When you see a crime or terrorist attack in London, a city that has one of the highest density municipal security camera systems on the planet, you must wonder why these crimes aren’t solved nearly instantly. The issue often isn’t camera coverage or the lack of an image, but that they have too much information to manage and parse.
This is one of the big problems that deep learning/machine learning systems are supposed to be able to address. This last week in China, NVIDIA showcased its solution, Metropolis, which is designed as a comprehensive answer to this problem. It is made up of DeepStream SDK, Jetson at the edge, Tesla P4 GPU accelerators and TensorRT for inferencing, and the DGX-1 AI supercomputer for training; NVIDIA also announced Asian partners Alibaba and Huawei, which will be helping bring the solution.
The demonstrated implementation was by Hikvision, one of the larger Chinese video surveillance companies, and claimed 90 percent accuracy in image recognition.
Let’s talk about why this is important for city-wide security and even security on large plant sites.
Where’s the Criminal?
Even with massive video camera deployments, security teams have their own version of Where’s Waldo. Theirs is called “where’s the criminal.” Today, you largely have to manually track an image from camera to camera to figure out where a criminal came from and to reconstruct the crime. Some solutions do have camera to camera tracking, but they are iffy and often the handoff between systems isn’t as clean as it needs to be.
However, in a city-wide deployment, where time is of the essence, it can take hours to days to wade through a significant amount of disjointed video footage, providing the criminal plenty of time to dispose of the evidence and skip town. Ideally, once a crime is identified, you should be able to immediately track the individual’s movements so you can identify their base of operations and/or locate where they are currently hiding.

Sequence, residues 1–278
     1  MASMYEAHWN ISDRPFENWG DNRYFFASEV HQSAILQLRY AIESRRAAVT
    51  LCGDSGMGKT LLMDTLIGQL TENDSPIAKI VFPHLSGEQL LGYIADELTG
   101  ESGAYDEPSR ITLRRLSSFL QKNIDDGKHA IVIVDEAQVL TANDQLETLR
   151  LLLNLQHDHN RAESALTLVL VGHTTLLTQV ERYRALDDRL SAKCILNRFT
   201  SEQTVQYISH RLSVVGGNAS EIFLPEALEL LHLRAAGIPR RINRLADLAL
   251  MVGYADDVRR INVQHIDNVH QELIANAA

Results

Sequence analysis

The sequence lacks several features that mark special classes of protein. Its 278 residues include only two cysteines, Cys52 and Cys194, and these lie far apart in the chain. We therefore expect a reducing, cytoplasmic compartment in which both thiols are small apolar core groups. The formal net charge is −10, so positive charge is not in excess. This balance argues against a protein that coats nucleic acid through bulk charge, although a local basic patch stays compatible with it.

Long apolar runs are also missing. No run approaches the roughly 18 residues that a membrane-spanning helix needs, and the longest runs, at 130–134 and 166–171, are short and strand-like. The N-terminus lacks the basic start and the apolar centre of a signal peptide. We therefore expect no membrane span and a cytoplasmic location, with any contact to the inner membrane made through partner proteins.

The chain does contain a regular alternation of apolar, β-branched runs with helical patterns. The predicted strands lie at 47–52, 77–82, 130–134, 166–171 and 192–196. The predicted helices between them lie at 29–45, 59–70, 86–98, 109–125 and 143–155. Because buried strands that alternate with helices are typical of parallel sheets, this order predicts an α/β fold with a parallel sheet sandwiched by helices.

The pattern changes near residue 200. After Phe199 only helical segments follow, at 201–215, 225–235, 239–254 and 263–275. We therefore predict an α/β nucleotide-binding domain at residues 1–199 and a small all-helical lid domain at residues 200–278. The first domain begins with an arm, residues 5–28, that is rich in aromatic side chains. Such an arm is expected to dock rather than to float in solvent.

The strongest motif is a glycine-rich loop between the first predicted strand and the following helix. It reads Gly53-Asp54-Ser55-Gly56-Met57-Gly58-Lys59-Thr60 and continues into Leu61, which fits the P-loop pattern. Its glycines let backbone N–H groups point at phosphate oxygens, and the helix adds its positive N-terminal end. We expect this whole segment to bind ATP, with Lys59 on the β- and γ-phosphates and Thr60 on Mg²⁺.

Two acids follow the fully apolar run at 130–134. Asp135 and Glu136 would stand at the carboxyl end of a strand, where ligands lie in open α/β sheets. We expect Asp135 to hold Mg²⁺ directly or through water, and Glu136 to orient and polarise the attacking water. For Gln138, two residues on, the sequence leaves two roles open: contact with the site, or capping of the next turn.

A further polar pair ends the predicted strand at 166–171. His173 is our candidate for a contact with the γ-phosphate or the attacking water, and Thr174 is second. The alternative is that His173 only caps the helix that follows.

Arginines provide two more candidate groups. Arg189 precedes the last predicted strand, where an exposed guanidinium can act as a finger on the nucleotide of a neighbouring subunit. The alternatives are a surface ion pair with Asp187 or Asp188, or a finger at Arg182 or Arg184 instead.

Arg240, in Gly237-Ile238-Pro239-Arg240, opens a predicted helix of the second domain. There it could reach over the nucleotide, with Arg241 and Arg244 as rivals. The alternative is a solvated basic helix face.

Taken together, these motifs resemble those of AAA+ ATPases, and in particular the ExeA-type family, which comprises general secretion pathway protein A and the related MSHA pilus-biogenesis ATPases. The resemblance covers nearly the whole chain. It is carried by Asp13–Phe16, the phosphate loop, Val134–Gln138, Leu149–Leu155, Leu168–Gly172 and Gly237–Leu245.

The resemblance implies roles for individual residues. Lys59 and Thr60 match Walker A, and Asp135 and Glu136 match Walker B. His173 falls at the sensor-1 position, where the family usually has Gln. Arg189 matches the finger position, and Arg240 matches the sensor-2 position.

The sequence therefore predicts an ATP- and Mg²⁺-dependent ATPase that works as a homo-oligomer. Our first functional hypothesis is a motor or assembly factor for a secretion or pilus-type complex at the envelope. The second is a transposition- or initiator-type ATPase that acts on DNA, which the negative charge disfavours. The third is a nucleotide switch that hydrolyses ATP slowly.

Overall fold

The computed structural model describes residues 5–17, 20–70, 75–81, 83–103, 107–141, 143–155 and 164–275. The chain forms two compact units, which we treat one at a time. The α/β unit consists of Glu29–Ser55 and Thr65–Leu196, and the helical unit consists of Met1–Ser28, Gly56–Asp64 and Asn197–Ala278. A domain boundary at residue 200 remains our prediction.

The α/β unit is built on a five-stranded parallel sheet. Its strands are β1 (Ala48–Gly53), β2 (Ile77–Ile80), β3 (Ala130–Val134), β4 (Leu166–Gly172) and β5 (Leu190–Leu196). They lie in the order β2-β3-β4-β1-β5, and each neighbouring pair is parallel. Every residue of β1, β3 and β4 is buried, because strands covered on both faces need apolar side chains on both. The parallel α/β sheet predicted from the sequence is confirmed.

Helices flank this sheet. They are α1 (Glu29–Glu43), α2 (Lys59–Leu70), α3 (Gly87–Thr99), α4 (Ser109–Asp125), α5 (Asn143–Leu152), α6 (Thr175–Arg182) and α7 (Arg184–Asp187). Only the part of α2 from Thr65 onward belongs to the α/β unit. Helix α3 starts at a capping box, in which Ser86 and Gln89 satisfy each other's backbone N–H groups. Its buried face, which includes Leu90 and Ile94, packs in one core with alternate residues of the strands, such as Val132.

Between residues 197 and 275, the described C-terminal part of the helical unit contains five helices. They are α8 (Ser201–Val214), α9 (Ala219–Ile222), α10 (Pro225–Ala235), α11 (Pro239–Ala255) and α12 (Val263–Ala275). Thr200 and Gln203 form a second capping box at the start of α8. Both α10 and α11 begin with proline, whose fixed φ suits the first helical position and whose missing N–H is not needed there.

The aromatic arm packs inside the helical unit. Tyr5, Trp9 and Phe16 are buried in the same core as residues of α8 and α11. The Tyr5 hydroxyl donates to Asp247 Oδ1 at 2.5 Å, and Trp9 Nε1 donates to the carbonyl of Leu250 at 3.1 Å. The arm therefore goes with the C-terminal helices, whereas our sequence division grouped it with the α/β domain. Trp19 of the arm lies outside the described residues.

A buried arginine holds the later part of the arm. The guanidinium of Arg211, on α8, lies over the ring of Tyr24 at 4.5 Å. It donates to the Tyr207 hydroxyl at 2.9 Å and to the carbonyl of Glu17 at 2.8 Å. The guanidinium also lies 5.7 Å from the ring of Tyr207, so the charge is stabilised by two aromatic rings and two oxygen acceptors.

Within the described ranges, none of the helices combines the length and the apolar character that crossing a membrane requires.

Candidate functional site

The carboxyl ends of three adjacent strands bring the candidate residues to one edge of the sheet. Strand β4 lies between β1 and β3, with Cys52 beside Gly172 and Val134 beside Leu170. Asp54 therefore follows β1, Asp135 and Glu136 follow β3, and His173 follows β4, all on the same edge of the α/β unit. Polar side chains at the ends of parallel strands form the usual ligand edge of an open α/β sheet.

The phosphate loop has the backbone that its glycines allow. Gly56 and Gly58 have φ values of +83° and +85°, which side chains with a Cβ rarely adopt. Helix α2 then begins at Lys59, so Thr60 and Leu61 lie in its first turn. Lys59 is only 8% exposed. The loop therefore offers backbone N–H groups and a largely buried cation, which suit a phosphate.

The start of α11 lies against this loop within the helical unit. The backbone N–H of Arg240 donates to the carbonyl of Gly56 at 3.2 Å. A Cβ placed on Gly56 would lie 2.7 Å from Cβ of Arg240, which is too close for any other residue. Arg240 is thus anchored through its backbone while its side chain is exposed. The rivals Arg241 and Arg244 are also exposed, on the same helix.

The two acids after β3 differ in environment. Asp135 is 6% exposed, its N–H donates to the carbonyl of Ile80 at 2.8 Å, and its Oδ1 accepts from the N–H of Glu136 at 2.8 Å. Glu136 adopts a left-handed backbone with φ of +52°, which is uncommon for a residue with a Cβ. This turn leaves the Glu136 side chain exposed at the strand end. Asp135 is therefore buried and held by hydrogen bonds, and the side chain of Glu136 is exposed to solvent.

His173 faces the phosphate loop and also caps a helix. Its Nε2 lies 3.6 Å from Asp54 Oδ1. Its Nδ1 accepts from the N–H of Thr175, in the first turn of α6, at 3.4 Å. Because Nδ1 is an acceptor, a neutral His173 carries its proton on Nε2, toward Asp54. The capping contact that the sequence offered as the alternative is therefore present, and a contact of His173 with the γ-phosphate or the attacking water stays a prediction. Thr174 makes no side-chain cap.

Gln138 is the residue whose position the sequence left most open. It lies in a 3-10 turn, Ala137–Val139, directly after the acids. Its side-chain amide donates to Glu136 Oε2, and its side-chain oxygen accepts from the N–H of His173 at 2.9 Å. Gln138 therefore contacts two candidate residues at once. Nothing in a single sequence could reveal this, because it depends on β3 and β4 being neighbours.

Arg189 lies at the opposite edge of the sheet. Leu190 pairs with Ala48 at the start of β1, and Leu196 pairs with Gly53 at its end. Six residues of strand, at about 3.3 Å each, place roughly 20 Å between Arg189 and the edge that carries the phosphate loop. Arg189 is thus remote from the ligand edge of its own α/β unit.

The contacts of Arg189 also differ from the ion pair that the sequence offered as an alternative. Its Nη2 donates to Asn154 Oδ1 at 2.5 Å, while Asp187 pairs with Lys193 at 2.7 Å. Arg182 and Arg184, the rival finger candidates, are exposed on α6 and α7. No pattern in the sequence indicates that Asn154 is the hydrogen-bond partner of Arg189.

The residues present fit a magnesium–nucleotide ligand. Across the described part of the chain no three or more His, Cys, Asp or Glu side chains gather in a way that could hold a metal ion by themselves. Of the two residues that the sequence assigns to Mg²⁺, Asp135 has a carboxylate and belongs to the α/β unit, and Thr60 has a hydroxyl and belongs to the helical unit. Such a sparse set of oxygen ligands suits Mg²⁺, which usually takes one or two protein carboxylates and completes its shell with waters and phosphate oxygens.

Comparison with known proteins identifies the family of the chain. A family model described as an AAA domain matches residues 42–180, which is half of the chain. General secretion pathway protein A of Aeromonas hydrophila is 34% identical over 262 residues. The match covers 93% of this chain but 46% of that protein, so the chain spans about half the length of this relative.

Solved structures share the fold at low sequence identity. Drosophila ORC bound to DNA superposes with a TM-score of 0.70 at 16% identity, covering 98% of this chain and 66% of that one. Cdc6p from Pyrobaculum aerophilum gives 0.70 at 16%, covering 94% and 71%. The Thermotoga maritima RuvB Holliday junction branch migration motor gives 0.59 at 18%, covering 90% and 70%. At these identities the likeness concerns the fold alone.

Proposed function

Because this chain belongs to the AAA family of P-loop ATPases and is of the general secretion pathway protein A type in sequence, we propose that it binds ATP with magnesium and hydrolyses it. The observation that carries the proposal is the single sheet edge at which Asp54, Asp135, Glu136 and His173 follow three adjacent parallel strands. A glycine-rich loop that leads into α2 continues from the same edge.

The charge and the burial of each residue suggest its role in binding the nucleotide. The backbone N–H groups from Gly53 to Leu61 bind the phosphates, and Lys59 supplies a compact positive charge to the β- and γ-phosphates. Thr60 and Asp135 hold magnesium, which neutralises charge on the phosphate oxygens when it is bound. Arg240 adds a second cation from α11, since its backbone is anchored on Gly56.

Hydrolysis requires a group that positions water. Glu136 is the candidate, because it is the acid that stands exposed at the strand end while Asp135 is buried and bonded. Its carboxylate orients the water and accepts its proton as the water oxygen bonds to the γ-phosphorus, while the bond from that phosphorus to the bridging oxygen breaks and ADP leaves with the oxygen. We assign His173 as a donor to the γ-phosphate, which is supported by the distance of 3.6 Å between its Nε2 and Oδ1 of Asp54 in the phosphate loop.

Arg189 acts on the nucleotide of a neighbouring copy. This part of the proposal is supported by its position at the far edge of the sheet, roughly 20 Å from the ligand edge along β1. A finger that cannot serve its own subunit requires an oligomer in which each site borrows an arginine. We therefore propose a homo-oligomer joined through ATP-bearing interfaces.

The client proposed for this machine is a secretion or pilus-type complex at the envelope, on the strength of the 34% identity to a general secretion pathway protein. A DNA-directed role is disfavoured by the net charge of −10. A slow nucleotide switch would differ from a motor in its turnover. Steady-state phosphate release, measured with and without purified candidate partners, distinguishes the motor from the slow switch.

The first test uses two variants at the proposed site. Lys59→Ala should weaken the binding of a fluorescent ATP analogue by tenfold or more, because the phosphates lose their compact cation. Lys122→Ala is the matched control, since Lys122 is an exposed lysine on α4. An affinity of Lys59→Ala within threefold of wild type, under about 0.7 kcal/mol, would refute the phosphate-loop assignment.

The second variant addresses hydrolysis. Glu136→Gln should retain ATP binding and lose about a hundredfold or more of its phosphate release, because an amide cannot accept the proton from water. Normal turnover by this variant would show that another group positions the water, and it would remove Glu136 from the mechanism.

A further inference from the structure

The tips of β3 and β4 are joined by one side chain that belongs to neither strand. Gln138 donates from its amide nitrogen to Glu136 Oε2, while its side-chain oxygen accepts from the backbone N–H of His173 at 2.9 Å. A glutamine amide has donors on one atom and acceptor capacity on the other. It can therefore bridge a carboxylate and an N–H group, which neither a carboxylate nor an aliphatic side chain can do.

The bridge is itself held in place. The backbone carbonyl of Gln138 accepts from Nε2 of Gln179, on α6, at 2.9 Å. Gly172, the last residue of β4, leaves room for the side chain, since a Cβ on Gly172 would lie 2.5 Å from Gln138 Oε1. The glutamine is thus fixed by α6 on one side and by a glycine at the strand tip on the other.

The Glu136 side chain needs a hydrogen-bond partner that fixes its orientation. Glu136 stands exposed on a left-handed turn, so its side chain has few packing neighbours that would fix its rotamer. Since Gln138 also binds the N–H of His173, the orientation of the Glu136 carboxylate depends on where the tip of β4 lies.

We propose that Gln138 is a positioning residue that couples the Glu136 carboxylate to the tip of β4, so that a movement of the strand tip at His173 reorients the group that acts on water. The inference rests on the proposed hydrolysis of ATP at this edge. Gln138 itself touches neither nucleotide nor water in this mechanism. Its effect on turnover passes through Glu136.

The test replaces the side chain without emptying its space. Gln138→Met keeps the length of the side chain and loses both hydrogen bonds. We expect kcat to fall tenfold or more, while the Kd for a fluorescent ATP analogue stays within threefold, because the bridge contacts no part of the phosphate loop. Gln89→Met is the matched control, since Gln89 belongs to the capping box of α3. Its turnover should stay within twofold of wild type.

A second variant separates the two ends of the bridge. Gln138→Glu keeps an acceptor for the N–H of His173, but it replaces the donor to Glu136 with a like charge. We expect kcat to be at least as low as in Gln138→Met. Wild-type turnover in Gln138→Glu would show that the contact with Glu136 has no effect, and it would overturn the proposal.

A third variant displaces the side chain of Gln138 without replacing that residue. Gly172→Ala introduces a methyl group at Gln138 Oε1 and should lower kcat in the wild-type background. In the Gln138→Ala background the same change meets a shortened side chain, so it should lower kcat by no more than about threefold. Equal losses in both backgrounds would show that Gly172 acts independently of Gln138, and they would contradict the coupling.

To get there, we need systems that can scan massive amounts of video footage in real time, index the people in the footage, and then supply the video history of a suspect once that suspect’s face is identified.
This is what NVIDIA’s solution potentially will do. Once a suspect is identified, it will search for all the other images of that suspect and provide them in a time sequence so law enforcement can track that suspect’s movements prior to the crime and after it is committed. In addition, it should be able to flag that the suspect hasn’t left the site if they are still around and showcase habit patterns, which should not only help locate the suspect but provide information needed to assure that when the suspect is captured, there is minimal risk of collateral damage.
This capability not only will make suspected criminals easier to find, but it should reduce the risk to police officers during an arrest, and might make high-speed chases obsolete. If you can pick where the suspect will be, you just must go there to pick them up. The need to chase them on the road, along with the related risks to bystanders, would be significantly reduced.
It makes sense that one of the geographies aggressively deploying this technology would be China. Because of its massive population density, locating and subduing criminals is problematic and risky. This technology should reduce that risk substantially.
Wrapping Up: Site Security
While these systems are clearly designed for a substantial smart city type of deployment, they would also be viable for a large plant, education, government office, amusement park or military site, where tracking a potential attacker could be critical to either catch the suspect or prevent the attack in the first place. Just tracking a lost child at a Disney property can be a nightmare that this could prevent. It could likely also flag real-time threats like alligators and do a better job preventing that kind of attack as well.
We focus a lot on cybersecurity, but most of the physical risks are the good old-fashioned kind. Catching, or better yet, stopping someone before the crime is committed is becoming increasingly viable with deep learning and inferencing. These NVIDIA announcements showcase a huge step toward making our cities, plants, government offices and amusement parks safer and a near-term future where the bad guys can’t hide.
Rob Enderle is President and Principal Analyst of the Enderle Group, a forward-looking emerging technology advisory firm. With over 30 years’ experience in emerging technologies, he has provided regional and global companies with guidance in how to better target customer needs; create new business opportunities; anticipate technology changes; select vendors and products; and present their products in the best possible light. Rob covers the technology industry broadly. Before founding the Enderle Group, Rob was the Senior Research Fellow for Forrester Research and the Giga Information Group, and held senior positions at IBM and ROLM. Follow Rob on Twitter @enderle, on Facebook and on Google+